Ask any builder to define his or her company's unique selling proposition and among the top five answers will be, "We build a quality house." It's easy to quibble with whether delivering a quality house qualifies as unique, however, the question that must be asked of builders claiming this position is, "Do you get paid for the quality you build into your homes and deliver to your buyers?" My sense: not every quality builder knows the answer to that question.
Determining the value of a home — what buyers will pay — requires as much art as science. The art of pricing starts with figuring out who the likely customer will be, understanding what features and benefits that buyer will pay to have and finally, analyzing the competitive landscape. The science of pricing includes additional information — the costs of construction, land/lot prices, sales costs, anticipated warranty expenses, regulatory fees and finally, the desired margin. Add these two sets of figures together — as well as all the costs not named above — and the selling price is set. Right? Not always. What happens when that math all adds up but the market doesn't?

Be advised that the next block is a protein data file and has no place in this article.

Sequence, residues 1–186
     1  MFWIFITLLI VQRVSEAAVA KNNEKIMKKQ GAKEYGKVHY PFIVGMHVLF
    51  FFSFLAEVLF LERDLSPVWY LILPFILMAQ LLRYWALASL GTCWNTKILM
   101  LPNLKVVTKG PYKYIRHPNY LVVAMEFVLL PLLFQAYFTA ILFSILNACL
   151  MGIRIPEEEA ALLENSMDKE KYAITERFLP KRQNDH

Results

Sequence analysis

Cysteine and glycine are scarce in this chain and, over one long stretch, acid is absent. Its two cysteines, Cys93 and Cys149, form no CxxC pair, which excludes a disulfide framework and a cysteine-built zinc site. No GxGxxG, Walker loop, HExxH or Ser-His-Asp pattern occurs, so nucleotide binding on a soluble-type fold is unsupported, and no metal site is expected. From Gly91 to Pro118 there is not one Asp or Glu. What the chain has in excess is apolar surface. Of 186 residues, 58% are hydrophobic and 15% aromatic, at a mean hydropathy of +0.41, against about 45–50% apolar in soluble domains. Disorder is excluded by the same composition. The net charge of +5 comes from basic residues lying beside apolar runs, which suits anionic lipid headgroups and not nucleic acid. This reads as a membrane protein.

Orlando builder Bill Orosz of Cambridge Homes faced just such a situation, building a home that was over-specified at the entry-level price point where the company tried to compete. Analyzing the numbers in the context of what Cambridge wanted to do — deliver a high quality product — pushed the company into a new quintile. Orosz made the choice to move up in the market rather than reduce the spec level in his homes.
Learning to price quality in a way that delivers value to both the buyer and the builder changed the short- and long-term fortunes for Cambridge Homes. Sales dollars increased, unit volume increased and the percentage of job profit increased. The learning delivered the result that should be every quality builder's goal.